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"Please Save My Life": Julian Assange In Prison

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Cell Number 37, 'Britain's Guantanamo Bay' – a single occupancy cell, furnished sparsely with a plastic chair, metal bed and steel toilet.

Cell Number 37, 'Britain's Guantanamo Bay' – a single occupancy cell, furnished sparsely with a plastic chair, metal bed and steel toilet.

For over 150 days this has been Julian Assange's residence, whether he likes it or not. And a judge has ruled today, he is to remain there even after his jail sentence is over. 

Swiftly after his asylum status was stripped by the Ecuadorian government, the British authorities sentenced Assange to fifty weeks in prison, for violating his bail. The maximum sentence being fifty-two weeks and the typical sentence being none and a fine.

With his arrest, Assange was moved to HMP Belmarsh, a maximum-security prison in South London. Belmarsh during the early millennium was known as 'Britain's Guantanamo Bay' for its foreign detainees, held without trial.

When you visit the prison, you are immediately struck by its fortress-like exterior. With its water-stained concrete perimeter walls, enumerable CCTV cameras and floodlights.

In two exclusive interviews with the European Centre for Press and Media Freedom (ECPMF), Julian Assange's most notable visitors paint a harrowing picture of his current condition.

Professor Nils Melzer is the United Nation's Special Rapporteur on TortureEvery day, he receives around fifteen requests, to investigate individual cases of alleged torture.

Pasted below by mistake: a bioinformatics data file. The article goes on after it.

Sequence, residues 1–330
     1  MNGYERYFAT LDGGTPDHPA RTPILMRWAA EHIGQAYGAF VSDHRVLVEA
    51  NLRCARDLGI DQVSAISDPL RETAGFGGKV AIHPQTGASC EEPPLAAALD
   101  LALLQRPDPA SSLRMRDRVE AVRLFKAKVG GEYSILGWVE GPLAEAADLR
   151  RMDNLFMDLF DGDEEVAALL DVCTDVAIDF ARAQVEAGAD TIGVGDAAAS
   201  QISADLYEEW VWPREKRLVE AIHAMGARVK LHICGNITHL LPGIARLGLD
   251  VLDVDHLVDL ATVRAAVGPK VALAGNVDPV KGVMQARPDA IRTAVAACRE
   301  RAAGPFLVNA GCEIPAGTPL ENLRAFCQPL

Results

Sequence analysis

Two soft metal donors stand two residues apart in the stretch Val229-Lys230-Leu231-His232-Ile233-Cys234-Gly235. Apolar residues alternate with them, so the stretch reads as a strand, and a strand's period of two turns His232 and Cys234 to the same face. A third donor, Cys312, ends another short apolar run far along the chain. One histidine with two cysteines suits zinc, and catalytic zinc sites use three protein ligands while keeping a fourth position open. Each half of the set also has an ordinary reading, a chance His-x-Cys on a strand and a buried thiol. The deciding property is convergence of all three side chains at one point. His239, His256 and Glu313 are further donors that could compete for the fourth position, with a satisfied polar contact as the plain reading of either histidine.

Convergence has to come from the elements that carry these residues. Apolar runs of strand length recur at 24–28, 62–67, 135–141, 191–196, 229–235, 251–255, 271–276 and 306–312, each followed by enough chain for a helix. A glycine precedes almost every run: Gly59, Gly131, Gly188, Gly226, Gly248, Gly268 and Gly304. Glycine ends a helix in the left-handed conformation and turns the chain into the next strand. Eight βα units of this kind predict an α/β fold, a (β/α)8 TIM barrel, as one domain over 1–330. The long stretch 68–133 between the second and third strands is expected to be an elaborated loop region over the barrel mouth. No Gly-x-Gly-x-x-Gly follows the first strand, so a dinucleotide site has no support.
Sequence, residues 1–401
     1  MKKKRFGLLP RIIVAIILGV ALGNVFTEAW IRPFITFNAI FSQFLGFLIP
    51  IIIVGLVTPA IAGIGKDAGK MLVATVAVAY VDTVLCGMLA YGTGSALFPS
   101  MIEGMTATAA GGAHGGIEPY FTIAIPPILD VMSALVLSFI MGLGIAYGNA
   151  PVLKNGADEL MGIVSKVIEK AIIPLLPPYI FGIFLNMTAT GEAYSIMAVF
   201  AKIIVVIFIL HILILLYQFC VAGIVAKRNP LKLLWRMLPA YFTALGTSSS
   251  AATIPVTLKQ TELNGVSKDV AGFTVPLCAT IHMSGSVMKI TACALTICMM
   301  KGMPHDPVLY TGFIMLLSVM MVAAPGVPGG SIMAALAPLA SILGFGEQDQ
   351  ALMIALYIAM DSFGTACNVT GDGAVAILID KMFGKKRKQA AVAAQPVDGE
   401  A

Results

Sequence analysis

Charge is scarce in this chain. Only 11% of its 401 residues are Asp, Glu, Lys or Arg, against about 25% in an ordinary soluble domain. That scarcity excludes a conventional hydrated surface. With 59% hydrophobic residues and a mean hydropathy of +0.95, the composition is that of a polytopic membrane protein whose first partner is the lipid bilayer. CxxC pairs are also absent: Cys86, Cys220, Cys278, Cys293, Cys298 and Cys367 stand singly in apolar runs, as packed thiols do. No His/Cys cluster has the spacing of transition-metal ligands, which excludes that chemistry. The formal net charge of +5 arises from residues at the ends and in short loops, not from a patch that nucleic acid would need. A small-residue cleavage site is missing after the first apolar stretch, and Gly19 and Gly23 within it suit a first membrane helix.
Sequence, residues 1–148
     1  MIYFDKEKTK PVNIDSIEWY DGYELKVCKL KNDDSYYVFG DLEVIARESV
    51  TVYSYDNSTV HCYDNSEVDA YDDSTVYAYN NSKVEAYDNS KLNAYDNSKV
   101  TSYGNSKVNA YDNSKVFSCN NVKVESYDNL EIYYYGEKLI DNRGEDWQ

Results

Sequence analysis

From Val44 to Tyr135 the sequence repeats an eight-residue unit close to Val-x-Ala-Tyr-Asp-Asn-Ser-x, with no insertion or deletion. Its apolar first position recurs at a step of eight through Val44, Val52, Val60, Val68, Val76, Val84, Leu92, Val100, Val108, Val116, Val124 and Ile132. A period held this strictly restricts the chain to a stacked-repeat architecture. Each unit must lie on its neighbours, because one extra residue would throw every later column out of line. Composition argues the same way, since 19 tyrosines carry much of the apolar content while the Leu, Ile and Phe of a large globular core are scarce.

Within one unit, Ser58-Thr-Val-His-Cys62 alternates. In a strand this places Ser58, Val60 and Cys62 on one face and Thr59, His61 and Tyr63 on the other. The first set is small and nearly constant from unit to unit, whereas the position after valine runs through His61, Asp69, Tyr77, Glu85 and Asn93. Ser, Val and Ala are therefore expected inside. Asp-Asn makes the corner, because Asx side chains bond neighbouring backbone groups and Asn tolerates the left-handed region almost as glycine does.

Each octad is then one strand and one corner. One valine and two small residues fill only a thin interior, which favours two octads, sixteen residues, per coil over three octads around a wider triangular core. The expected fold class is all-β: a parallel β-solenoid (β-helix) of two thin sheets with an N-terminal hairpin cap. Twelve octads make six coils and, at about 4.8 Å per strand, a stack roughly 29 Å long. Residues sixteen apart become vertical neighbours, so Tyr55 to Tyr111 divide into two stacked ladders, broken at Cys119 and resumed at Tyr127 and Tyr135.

"But I can only deal with maybe one or two", Melzer tells the European Centre for Press and Media Freedom (ECPMF). But when in March, Assange's lawyers reached out to his office for a second time, providing credible evidence for the claim of ill-treatment, Melzer thought "I owe it to my professional standards to at least look into this."

A visibly fatigued and emaciated Assange greeted Melzer and his team during their visit on 9. May. It had been 28 days since Assange's arrest. He was wearing a plain blue jumper and grey joggers.

Melzer and his team's visit lasted for four hours. For three of those four hours Melzer and two medical experts, Professor Duarte Nuno Vieira from Portugal and Dr. Pau Perez-Sales from Spain conducted a medical assessment of Assange.

It followed the 'Istanbul Protocol'. The protocol's full name is the 'Manual on Effective Investigation and Documentation of Torture and Other Cruel, Inhuman or Degrading Treatment or Punishment.'

Melzer tells the ECPMF that at first, "after what this man [Assange] had gone through, I didn't know what to expect."

"From a medical perspective, both doctors concluded that his state of health was critical, and that it might deteriorate rapidly if he is not stabilized. And that's exactly what happened."

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